In the spring of 1998, I was asked to take part in the filming of the NOVA film
"Easter Island," during which experts examined hand methods for moving and erecting
moai, the huge stone statues for which the island is famous.
At the Easter Island site, the NOVA team drags the concrete moai on its specially designed sled.
Moving a Moai
The plan was to move a nine-ton concrete moai overland onto a fieldstone "ahu" or platform and leave it standing erect with a stone topknot or "pukao" balanced on its head.
Most ahus are effectively seawalls, accessible only from their inland sides. Long columns of pullers could not possibly have dragged their moai into place atop these platforms without falling off the back into the ocean.
Fortunately, the NOVA ahu was inland and
a large gang of pullers on the open ground beyond its "seawall" was able to drag the
sled into place. Nevertheless, it was abundantly clear that the final movement up onto a coastal
ahu wasn't just an unsolved detail: It was the crux of the problem, since with enough people
almost anything could be dragged across open country.
A New Idea
All of this added up to a whole new way of looking at moving big rocks. Like many others, I had been distracted by scenes from antiquity showing giant monoliths being pulled on sleds. Now I knew that the ancients must have used another method altogether in places with no room for all those long columns of pullers. Needed was a much smaller workforce able to do the same job, and as Archimedes pointed out 22 centuries ago, there was only one way to do that.
Levers were the only tools most pre-industrial people like the Rapanui had for multiplying the muscle power of a man. By clever application of the idea, one leverman might do the work of five or even 10 conventional laborers. Used to maneuver huge stones in confined places, levers would greatly reduce the work force needed and, more to the point, the space it required. In theory, everyone could push from alongside, behind, or atop the rock, eliminating the need for any pullers at all—exactly what was needed to get a large moai up onto a high, coastal ahu.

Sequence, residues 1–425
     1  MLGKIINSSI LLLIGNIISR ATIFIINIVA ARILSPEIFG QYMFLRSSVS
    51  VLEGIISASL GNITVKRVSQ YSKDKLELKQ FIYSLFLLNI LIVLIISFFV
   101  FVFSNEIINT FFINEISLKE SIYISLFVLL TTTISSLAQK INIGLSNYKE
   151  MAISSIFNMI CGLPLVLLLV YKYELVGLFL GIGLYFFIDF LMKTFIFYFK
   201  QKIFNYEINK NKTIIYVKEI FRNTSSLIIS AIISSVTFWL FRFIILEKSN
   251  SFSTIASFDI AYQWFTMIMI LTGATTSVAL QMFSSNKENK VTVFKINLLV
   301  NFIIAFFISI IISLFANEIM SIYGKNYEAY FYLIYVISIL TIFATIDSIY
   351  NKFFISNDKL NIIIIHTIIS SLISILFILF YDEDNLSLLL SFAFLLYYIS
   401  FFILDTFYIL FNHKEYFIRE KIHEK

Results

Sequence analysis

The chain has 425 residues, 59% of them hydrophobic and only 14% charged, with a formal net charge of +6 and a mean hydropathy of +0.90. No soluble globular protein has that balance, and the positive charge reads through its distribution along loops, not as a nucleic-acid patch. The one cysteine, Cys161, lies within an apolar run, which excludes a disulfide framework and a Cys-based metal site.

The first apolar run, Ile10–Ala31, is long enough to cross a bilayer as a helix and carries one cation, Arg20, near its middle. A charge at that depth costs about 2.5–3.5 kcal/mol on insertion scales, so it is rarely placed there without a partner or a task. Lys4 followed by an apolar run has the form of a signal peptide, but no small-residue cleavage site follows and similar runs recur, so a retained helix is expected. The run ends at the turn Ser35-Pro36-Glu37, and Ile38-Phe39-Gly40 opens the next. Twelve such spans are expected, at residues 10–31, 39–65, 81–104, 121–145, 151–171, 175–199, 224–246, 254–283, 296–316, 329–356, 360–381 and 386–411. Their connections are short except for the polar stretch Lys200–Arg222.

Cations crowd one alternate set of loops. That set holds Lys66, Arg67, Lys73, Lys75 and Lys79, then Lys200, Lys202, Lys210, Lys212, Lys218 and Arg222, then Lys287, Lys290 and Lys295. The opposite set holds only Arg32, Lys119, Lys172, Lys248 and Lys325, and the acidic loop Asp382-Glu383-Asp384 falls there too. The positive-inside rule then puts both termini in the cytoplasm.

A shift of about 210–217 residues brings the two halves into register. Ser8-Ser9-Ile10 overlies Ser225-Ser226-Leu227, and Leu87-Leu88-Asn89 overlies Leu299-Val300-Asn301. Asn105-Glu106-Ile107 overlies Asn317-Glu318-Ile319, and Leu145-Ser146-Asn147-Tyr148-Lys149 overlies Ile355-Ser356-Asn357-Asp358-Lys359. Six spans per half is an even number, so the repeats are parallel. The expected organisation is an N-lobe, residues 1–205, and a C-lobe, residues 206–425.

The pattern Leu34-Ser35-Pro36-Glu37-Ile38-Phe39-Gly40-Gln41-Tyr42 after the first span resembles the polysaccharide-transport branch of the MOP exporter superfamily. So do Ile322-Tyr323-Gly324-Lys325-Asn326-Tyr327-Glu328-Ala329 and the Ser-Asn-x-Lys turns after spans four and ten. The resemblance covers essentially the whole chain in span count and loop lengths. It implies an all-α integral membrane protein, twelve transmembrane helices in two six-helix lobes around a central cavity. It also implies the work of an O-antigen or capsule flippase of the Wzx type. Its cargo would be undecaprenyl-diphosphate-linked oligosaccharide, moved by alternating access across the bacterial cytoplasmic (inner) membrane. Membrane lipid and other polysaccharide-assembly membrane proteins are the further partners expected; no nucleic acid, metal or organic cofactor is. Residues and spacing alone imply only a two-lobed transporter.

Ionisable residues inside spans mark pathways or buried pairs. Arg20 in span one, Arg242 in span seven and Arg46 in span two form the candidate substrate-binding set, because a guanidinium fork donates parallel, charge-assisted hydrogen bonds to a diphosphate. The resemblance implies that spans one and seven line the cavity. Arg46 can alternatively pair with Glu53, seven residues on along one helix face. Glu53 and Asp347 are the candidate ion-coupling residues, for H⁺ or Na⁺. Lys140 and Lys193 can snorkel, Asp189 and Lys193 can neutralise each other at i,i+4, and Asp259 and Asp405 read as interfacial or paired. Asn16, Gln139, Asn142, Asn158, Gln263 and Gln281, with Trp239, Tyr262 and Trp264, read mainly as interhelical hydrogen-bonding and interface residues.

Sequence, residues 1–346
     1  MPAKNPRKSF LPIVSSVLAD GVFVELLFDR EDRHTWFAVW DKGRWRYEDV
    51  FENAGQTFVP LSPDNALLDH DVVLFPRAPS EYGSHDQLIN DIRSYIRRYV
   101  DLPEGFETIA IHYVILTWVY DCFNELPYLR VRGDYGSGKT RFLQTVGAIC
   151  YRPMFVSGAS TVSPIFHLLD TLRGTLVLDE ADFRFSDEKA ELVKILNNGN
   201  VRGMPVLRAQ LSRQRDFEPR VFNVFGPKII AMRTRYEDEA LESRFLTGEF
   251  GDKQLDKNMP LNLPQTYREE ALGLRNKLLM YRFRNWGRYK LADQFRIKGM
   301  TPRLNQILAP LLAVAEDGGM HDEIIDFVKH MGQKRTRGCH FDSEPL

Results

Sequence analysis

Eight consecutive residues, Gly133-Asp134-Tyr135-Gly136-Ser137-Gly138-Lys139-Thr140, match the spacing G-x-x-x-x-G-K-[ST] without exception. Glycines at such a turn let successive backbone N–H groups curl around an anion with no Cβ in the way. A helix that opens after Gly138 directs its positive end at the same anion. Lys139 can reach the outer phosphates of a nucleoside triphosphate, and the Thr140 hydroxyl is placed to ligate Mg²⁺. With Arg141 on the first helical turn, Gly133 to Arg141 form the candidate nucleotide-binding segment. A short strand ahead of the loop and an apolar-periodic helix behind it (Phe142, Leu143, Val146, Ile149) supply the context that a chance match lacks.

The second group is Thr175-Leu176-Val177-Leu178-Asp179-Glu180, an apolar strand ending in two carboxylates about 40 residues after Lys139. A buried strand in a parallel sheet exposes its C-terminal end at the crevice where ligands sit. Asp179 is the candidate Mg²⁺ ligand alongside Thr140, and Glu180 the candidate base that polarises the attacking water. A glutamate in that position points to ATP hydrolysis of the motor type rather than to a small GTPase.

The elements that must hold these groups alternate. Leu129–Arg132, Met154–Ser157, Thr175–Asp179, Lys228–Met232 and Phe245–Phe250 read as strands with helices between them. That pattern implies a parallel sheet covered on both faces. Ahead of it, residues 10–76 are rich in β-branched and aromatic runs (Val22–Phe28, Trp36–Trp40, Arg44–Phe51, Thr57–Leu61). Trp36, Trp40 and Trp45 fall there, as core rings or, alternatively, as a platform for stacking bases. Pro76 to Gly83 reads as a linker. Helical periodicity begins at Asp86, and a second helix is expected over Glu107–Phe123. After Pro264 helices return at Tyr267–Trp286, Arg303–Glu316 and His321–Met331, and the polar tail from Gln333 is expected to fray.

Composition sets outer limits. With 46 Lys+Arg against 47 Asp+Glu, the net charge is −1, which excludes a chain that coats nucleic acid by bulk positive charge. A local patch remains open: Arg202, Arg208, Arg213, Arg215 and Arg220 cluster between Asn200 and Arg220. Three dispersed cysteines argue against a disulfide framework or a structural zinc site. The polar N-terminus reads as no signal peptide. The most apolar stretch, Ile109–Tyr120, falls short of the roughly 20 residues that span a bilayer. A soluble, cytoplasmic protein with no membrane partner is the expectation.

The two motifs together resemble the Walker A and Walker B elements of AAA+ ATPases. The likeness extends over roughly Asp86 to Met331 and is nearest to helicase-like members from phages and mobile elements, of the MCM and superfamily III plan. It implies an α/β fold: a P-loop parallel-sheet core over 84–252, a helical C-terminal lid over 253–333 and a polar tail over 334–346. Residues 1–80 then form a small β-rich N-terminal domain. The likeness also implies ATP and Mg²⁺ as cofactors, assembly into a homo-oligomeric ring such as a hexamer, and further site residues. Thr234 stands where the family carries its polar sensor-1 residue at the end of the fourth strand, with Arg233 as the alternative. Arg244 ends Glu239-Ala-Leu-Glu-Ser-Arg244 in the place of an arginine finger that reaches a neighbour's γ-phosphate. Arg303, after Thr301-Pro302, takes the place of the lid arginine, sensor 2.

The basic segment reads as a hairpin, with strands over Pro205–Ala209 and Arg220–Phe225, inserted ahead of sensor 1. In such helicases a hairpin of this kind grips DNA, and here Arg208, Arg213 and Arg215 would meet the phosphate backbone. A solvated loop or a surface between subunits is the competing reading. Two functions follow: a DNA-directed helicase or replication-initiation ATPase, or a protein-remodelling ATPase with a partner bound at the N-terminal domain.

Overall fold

What if moving big rocks was like moving ships? Mediterranean galleys had sails for favorable winds and open water, and oars for close quarters and auxiliary power. A nautical analogy seemed especially appropriate on Easter Island. Didn't the islanders' ocean-going canoes, like the galleys half a world away, use both sails and paddles? At one point in the NOVA film, the team hauled a heavy outrigger up over the rocky shoreline on a Polynesian "canoe ladder," a frame identical to the leapfrogging sliders I'd earlier envisioned as the ideal roadway for moving moai.
In a flash, an entirely new and surprisingly simple alternative transport method came
together: a lever-friendly sled pulled easily over lever-friendly canoe ladders as much
as possible, but turned, rotated, or nudged slowly forward by levermen wherever necessary
(see Figure 1).
Simple as the idea may seem, the devil, as always, is in the details. The leapfrogging ladders promise a smooth, easily leveled, and effectively endless working surface with as many firm purchases for the toes of the levers as possible. The latter is especially important, since slippage against the ground greatly reduces lever efficiency, a common problem unless something is done to prevent it. The sled, too, offers as many places to push against as possible but spaces them to optimize placement of the levermen.
To direct maximum forward force on the sled, a leverman's lever should never travel more than about 20 degrees of arc or go much beyond the vertical (see Figure 2). Each leverman's mechanical advantage is the ratio of the distance between the sliders and the sled's crossbars versus his shoulder height—an advantage of about three for a man standing on the ground and five if he rides the sled. If he stands atop the moai with a long lever, his advantage might be as much as seven, eight, or more, depending on the size of the statue. His added weight is much more than offset by the increased leverage.
As critical as the force urging the sled forward is the frictional force holding it back,
and every effort to smooth and grease the contact surfaces reduces the required crew size.
All lashings have to be neatly done and recessed or otherwise prevented from hanging up,
and the sled runners need to be beveled at both ends to ride smoothly onto the sliders
before and after the required 180-degree rotation of the moai. One would rotate the sled
with this system much as one would rotate a rowboat or canoe, by levering one side forward
and the other back. It is important that the sled runners not get parallel to the sliders
and fall into the gaps between them, though levering forward onto ladders set 90 degrees
from one another avoids the problem (see Figure 3).